Surprisingly, PBP2 also appears to have an important role in the expression of antibiotic resistance in methicillin-resistant S. aureus (MRSA) (18). MRSA has an additional PBP—PBP2A—which has a very low affinity for β-lactam antibiotics (8, 21) and has homology to monofunctional transpeptidase PBP3 of E. coli (6, 9, 13). In current models, PBP2A is assumed to take over the biosynthetic functions of normal PBPs in the presence of inhibitory concentrations of β-lactams. According to this model, normal PBPs no longer take part in the catalysis of cell wall synthesis in the presence of the antibiotic. It was therefore surprising to find that a mutant with a transposon insertion in pbp2 (RUSA 130) showed a massive reduction in methicillin resistance, despite its normal production of PBP2A, indicating that intact PBP2 is essential for the optimal expression of methicillin resistance in MRSA (18). As a possible explanation, we proposed that survival and growth in the presence of the antibiotic may require functional cooperation between the penicillin-insensitive transglycosylase domain of PBP2 and the transpeptidase domain of PBP2A or that effective functioning of PBP2A may require the presence of inactivated (acylated) PBP2, which serves as structural scaffolding (18). An additional possibility that could not be excluded was that a truncated PBP2 produced by the transposon-inactivated pbp2 gene may interfere with the function of PBP2A. This hypothesis was also suggested by the fact that attempts to recover the normal—high—level of antibiotic resistance by complementation with a plasmid-born pbp2 gene were only partially successful (18).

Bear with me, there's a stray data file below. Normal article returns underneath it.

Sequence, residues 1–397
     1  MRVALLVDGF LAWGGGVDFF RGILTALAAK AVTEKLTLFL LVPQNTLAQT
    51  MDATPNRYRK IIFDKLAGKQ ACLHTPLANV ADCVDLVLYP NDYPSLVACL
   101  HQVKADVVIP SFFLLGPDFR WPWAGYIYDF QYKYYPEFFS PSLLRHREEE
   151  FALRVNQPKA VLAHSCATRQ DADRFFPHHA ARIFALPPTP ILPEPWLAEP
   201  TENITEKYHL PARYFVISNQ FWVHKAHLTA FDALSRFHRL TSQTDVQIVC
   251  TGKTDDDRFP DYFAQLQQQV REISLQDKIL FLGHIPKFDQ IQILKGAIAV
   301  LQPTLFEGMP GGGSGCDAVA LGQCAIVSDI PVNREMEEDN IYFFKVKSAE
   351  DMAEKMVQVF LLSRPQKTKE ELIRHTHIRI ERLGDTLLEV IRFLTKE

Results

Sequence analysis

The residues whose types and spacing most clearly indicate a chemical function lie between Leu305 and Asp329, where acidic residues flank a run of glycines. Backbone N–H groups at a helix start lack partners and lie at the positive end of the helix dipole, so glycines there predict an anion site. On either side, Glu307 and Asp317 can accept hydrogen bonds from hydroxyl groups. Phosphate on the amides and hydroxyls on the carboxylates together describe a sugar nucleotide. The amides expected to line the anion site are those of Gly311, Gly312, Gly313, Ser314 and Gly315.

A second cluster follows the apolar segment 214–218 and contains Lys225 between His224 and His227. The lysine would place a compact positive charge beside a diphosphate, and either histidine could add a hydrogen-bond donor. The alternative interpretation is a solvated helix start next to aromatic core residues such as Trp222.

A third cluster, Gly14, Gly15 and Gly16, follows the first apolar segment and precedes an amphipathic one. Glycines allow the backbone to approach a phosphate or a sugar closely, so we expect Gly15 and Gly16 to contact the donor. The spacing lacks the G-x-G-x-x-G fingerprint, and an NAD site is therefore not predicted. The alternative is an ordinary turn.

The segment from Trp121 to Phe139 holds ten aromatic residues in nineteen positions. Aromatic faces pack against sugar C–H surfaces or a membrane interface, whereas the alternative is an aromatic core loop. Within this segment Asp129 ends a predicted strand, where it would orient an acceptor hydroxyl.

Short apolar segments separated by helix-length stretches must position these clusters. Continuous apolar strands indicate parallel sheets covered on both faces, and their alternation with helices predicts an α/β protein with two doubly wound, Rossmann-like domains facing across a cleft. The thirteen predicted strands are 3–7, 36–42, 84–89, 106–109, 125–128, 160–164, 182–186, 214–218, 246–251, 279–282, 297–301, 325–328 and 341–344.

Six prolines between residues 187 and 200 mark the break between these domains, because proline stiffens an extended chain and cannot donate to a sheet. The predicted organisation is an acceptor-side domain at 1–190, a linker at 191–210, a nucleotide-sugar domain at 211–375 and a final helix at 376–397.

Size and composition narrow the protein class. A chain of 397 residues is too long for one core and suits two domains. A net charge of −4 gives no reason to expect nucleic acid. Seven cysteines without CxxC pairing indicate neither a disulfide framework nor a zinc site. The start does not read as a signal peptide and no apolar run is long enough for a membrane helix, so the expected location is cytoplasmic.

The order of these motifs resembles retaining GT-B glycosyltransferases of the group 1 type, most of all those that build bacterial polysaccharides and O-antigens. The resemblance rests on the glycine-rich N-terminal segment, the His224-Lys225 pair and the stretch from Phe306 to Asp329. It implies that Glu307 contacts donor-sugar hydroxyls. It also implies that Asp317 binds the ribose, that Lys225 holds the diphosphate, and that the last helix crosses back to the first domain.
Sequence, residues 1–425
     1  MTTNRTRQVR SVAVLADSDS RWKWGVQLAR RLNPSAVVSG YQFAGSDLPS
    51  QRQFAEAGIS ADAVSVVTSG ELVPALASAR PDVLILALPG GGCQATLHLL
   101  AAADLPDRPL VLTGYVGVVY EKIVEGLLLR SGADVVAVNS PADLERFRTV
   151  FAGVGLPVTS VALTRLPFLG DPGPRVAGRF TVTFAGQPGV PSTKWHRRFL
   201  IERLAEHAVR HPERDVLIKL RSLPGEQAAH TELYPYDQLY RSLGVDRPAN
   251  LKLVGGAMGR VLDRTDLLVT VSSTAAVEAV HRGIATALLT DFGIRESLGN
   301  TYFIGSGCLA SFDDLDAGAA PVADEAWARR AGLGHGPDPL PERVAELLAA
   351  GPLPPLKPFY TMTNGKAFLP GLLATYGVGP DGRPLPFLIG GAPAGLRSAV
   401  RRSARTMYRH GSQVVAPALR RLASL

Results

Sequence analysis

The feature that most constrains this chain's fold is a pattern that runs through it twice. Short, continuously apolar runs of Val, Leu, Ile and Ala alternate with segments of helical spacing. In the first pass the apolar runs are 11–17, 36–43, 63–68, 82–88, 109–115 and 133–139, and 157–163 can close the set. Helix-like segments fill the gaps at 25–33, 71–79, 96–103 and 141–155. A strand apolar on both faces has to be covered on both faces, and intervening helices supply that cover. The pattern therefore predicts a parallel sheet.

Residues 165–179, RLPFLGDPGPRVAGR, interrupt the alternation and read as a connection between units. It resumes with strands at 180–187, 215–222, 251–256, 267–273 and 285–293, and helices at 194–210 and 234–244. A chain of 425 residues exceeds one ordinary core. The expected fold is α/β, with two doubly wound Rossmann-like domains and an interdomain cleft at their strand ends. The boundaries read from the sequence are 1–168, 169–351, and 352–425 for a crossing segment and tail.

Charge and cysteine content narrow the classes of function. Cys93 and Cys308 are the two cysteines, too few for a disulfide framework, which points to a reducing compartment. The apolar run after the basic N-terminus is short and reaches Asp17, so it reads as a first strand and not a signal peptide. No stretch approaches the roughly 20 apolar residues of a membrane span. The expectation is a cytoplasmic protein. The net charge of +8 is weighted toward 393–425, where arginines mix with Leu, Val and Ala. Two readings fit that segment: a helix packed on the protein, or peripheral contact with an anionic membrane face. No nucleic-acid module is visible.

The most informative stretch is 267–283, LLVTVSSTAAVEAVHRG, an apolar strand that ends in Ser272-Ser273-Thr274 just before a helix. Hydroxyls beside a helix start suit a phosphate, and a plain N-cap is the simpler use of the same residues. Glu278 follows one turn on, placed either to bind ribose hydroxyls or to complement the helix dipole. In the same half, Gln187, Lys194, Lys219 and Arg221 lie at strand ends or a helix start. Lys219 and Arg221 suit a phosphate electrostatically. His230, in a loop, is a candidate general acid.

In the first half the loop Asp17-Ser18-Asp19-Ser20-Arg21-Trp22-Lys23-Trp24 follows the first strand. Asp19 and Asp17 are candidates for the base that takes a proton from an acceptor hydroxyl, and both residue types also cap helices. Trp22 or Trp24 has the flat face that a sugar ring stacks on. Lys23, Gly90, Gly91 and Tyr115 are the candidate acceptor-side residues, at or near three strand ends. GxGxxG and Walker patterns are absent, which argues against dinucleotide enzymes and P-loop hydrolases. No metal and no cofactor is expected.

In an attempt to clarify the reasons for the lack of success in complementation, we proceeded to do more extensive sequencing in the vicinity of the pbp2 gene and also performed transcription analysis. This study showed that the pbp2 gene is part of an operon and can be transcribed alone or together with a newly identified PBP-related factor (PrfA), due to the presence of two distinct promoters. Introduction of a construct that contained the entire pbp2 operon into the chromosome of the pbp2 transposon mutant resulted in the full recovery of antibiotic resistance.